The motto is also a reminder of my roots. As a white belt I was open-minded, eager to learn, and willing to take on challenges. You probably felt the same way as a new student or when you first started a new job. Lately as a black belt I’ve felt overwhelmed, jaded, and secretly toying with the idea of quitting. It’s helpful sometimes in class to revisit taekwondo fundamentals, skills we learned as white belts. Practicing simple blocks, strikes, and kicks has a calming effect.

In some circumstances  quitting, giving up, leaving, letting go are appropriate responses if it means choosing a new and better path. There’s nothing wrong with that. “Refusing to give up” sometimes means making a change or taking a new opportunity that takes one in a different direction. I don’t want to “quit” my current situations, but I am actively seeking a change.

What gets me through taekwondo classes and the work I’m currently doing is reminding myself of why I got involved in the first place and how much I enjoy helping people. What gives me hope is that the same discipline and determination I display in the dojang can help me take control and change other situations in my life.

So I’m going to keep the poster in my office. Every day it’s a reminder of where I came from and who I can be. It’s a reminder that if I’m not happy with my current circumstances I have the power to change them. I can control my responses, just as I do in the dojang.

We were all “white belts” at some point. What makes us black belts in martial arts or in life is the desire to keep learning, improving, making changes, and designing our own destinies.

The Poomsae Series Part 15: Learning Taeguk Forms and Accepting Corporate Bureaucracy

conformity

It’s begun. I am learning Taeguk forms. Sigh.

A little bit of history about poomsae (forms): The preference for Taeguk rose alongside the focus of taekwondo turning to sport taekwondo, or Olympic style sparring. Stances are higher and shorter, and the movements are much simpler than the Palgwe forms. I also think some practitioners just didn’t want to associate with the similarity Palgwe forms had with karate and in turn the unpleasant history Korea shared with Japan. But what do I know.

I don’t like Taeguk forms, but it seems like the rest of the taekwondo world does, and if I want to continue my career as a black belt, instructor, and potential poomsae competitor I’ll have to put them into my repertoire at some point. I mean, white zinfandel is loved by lots of people for some reason even though it’s terrible. But it’s popular enough that I have to deign to walk by it in every grocery or liquor store. White zinfandel is cheap, common, but does the job if you need to get buzzed.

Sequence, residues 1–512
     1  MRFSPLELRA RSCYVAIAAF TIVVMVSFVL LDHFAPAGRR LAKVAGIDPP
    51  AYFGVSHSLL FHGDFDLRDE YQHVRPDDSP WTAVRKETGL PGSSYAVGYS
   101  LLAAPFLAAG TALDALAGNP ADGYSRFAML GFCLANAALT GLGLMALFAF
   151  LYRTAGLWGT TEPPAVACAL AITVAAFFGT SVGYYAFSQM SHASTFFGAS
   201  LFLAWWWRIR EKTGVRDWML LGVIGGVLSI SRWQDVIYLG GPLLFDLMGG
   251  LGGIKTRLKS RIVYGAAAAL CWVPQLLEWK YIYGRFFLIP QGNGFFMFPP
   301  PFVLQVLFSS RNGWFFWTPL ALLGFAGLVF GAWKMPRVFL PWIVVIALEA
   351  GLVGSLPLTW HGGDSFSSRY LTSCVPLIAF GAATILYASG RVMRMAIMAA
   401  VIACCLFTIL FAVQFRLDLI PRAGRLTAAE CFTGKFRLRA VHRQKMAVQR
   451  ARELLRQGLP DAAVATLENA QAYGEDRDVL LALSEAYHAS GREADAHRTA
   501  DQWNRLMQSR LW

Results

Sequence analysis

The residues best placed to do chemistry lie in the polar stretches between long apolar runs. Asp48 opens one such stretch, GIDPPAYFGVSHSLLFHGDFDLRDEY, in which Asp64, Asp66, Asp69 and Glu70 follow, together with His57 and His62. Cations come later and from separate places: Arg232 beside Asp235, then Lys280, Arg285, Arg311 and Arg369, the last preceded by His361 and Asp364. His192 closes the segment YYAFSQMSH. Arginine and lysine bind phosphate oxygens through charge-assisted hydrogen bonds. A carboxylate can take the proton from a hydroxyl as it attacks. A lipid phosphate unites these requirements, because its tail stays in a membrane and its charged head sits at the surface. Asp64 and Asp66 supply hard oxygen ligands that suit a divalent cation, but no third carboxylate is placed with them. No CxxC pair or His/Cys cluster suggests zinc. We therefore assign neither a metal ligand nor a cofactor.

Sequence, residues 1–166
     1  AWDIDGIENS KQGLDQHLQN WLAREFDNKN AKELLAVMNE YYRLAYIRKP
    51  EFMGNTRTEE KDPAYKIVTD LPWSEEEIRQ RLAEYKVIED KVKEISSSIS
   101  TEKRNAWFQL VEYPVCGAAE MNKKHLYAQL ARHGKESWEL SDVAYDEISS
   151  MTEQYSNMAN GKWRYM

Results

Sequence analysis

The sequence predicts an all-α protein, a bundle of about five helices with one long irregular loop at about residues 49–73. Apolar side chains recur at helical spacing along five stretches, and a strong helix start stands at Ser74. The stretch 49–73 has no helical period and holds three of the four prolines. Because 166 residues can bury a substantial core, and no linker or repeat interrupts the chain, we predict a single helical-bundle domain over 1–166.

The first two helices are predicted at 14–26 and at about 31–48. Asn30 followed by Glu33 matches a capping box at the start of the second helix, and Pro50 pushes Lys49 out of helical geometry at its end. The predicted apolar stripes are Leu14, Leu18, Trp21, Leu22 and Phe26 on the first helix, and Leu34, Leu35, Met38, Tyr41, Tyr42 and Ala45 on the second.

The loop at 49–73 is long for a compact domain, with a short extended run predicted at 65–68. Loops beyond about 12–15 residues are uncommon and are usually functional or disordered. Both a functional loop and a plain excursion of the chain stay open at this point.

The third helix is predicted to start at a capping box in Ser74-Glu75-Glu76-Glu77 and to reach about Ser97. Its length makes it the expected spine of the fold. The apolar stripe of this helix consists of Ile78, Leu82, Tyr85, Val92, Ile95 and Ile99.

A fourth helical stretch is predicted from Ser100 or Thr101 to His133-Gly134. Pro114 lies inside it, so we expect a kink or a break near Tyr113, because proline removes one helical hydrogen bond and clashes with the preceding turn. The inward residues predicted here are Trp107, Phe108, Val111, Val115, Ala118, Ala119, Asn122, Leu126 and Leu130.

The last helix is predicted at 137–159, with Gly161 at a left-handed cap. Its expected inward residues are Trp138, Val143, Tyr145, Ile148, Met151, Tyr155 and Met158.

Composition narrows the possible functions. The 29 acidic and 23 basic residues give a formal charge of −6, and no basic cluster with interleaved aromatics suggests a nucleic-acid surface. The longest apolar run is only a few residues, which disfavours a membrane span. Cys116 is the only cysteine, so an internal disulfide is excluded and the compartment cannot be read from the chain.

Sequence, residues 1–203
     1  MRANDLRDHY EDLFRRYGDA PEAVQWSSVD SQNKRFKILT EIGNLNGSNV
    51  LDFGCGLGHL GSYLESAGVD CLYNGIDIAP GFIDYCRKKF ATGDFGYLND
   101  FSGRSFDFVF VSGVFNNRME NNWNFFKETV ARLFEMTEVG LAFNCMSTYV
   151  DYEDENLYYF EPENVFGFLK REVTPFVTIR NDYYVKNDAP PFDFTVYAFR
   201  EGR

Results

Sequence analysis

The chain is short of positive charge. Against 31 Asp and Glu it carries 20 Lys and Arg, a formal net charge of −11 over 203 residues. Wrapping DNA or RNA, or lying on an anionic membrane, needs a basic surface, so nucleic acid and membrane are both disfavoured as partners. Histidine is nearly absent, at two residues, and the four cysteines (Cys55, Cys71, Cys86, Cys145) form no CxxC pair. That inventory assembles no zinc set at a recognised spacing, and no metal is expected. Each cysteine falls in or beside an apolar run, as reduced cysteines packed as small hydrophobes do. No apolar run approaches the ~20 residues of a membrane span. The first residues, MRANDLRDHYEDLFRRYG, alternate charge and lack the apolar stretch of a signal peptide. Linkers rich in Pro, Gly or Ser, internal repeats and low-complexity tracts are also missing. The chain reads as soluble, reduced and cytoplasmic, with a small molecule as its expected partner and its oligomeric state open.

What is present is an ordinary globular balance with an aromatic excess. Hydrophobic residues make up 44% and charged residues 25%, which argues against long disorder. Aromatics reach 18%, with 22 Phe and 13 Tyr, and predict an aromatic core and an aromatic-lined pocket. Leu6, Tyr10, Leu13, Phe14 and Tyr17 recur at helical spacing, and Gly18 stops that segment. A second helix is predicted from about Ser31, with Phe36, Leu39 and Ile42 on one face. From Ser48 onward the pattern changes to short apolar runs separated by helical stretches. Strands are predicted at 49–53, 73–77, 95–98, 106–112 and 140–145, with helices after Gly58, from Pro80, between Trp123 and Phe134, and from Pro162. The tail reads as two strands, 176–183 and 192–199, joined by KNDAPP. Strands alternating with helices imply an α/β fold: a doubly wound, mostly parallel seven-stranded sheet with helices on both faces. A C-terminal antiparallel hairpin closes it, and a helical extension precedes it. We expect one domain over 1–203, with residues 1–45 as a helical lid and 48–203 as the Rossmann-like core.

I need some more poomsae stimulation. The 22 forms I know just aren’t enough to get me high (We have an eight-pack of keebons my grandmaster created in case ya’ll are trying to count. Plus four black belt forms and the outliers “Koryo One” and Nopei). I’m a poomsae-aholic. I need that buzzzzzzz of a fresh form. Guess I might as well open up my mind and learn a whole new set.

The business of taekwondo is becoming more and more like a corporation. There are more hoops that coaches, referees, school owners, and instructors have to jump through. If USAT or Kukkiwon decides everyone is going to dye their hair purple and kick while standing upside down, then by God we’d better all do it, and for a fee we have the privilege to be certified in purple hair and upside down kicking. I know the intention is consistency, and we all appreciate that, but when does too much control in the name of consistency impeded individual talent?

And wouldn’t you know, I’m experiencing some of this encouragement to conform in other areas of my life. The department I work in has greatly widened its reach across my large company, and understandably, the powers that be are trying to systemize processes and standardize services. My little team of experienced and creative consultants can no longer make completely autonomous decisions in our little princedoms. Services we deliver must be approved, sanctified, and tracked. It makes sense, but sometimes the red tape can blind us to the immediate and unique needs of our clients.